A long time ago I signed up for a service and wrote the company a pre-authorized withdrawal. A little later the founder of the company ran away to Colombia. Concerned, I went to my bank to tell them to stop paying the withdrawals, and was extremely surprised to be told that they could not do that. I was even more surprised to be told that the bank would actually pay any requests for withdrawals they received, without checking that I had actually signed a pre-authorization.

This was in Canada. In the UK the equivalent process is called a Direct Debit. It has to be set up with the bank and can be cancelled by the account holder at any time.

  1. Is it true that North American banks will not allow you to stop a pre-authorized payment?
  2. Is it true that North American banks will pay a request for a pre-authorized withdrawal without checking that an authorization has actually been made?
  • 1
    #2 is generally true in the US. The direct debit system doesn't offer any way for the bank initiating the debit to prove that it is authorized. Instead, they warrant that it is authorized, which means, if it later turns out that it was not, they are legally liable to refund it. Nov 9, 2015 at 18:48
  • 3
    "North American" is not really used in a useful sense here. Canada and the United States have entirely different systems and laws.
    – Joe
    Nov 9, 2015 at 20:35
  • (As do the other 21 countries, of course, didn't mean to leave any out)
    – Joe
    Nov 9, 2015 at 21:22

1 Answer 1


In the United States, the following applies. Other North American countries likely have different rules.

Pre-authorized withdrawals are effectively checks that the merchant (or the merchant's bank) is creating and then cashing. They're similar in how they're processed to an actual check, except that there's typically no actual check printed - it's just the numbers in electronic form (ABA RTN, Account #, and amount). (Of course, many actual checks are also processed that way nowadays as well.)

According to the US Government's banking help site, this is how you should handle cancelling a pre-authorized debit.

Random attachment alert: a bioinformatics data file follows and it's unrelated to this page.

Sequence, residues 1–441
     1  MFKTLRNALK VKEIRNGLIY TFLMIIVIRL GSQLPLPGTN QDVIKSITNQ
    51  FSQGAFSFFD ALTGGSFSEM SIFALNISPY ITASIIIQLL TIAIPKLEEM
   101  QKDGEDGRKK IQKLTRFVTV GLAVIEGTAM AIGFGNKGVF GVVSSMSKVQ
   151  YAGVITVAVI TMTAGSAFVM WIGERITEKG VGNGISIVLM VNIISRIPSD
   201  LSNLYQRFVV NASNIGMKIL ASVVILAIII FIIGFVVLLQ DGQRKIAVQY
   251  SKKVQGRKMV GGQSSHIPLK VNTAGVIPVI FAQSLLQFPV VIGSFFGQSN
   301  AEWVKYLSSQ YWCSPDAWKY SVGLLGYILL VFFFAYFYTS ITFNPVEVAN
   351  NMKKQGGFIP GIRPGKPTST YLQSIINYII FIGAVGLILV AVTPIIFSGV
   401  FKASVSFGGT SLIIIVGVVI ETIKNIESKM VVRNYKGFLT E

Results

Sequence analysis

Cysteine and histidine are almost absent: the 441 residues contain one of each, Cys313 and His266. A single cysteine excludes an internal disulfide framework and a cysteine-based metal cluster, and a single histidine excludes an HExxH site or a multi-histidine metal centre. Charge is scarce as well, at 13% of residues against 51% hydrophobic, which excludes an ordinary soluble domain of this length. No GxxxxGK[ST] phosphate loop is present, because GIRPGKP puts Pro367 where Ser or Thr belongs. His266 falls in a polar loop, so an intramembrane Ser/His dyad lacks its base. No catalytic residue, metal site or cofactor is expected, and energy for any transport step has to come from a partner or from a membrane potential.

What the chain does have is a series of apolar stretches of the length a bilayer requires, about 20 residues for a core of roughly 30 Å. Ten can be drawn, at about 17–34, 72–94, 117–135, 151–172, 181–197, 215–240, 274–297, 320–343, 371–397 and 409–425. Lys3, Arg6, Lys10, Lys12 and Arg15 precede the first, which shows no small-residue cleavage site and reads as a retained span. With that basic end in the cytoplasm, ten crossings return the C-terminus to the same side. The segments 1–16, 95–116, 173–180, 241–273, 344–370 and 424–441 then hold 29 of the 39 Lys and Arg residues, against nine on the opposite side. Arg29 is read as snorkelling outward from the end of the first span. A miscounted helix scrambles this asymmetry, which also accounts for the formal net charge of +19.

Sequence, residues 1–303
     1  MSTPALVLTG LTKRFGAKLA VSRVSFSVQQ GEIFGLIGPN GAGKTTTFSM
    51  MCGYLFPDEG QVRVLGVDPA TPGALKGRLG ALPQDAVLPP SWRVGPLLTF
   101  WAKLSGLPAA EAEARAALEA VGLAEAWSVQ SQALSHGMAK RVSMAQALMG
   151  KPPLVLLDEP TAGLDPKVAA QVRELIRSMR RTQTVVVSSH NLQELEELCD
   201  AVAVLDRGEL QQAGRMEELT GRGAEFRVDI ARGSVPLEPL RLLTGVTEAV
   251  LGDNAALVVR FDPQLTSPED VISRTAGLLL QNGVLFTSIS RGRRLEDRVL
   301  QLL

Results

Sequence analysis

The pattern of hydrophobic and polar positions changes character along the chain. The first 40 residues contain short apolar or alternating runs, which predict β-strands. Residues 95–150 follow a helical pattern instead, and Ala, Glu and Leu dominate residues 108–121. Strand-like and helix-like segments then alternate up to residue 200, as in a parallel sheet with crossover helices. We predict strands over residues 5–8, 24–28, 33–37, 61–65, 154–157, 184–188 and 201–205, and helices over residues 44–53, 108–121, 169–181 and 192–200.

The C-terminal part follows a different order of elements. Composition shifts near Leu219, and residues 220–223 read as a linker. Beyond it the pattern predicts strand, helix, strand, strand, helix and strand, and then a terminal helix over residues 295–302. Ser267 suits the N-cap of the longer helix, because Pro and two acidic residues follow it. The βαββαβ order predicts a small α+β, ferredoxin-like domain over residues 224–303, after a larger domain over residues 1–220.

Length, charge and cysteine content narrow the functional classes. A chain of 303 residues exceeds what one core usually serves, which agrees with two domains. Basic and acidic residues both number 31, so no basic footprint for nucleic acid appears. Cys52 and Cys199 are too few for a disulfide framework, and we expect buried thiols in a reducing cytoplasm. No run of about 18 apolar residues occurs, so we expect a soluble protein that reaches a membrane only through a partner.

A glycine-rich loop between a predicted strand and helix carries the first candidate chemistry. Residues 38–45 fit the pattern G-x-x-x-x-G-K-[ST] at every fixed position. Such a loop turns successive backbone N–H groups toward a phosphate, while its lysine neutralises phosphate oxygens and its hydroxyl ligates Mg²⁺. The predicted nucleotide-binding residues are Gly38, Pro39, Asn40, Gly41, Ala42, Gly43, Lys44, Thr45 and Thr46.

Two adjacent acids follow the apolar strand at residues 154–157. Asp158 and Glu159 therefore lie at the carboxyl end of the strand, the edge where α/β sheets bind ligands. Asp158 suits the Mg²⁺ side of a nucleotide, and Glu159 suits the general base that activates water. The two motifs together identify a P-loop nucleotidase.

Basically, if you know in advance that a particular merchant will make a single withdrawal, you can issue a stop payment similar to how you'd stop payment on a check; but it only works for a particular withdrawal. If a merchant continues to make attempts, you may have to dispute them after the fact with the bank (see the second to last paragraph).

This is basically a tradeoff the banks are willing to make (and you to some extent are willing to have made for you, conditional on you having a checking account): make it far faster and easier to handle and process legitimate requests, at the cost of having some illegitimate ones need to be reversed (or, possibly having expenses you're unaware of).

It's not really different than how credit cards work - a merchant who has your credit card number can charge you whatever they choose however often they want, and your only recourse is to dispute each charge (and eventually the merchant's account will be closed, if enough disputes occur), outside of going to a lawyer or the Attorney General's office.

  • 2
    The fundamental difference between a direct debit and a credit card is in the first case the money has moved and you have to swim upstream to undo it, compared to repudiating a charge.
    – user662852
    Nov 9, 2015 at 21:33
  • Well, not if you used a debit card, for example, that would in most cases be the same (i.e., the money would leave your account before you have a chance to complain). And your CC charge lowers your credit limit until it's repudiated - so it does reduce your purchasing power similarly, no?
    – Joe
    Nov 9, 2015 at 21:35
  • Now you mention it I remember being told they could stop any individual payment but not all future payments. Nov 9, 2015 at 22:10
  • @Joe I must say, having lived in a different country, that the American banking system (including the ridiculous ACH-based direct debit) is utterly broken. Not in the least because it is convenient and profitable for the banks to have it this way and the complete lack of regulation to prevent that.
    – littleadv
    Nov 10, 2015 at 6:58
  • I live and bank in the USA. If I asked my bank to stop future automatic withdrawals and they refused, all my money would depart with me in about three minutes.
    – chili555
    Nov 11, 2015 at 21:13

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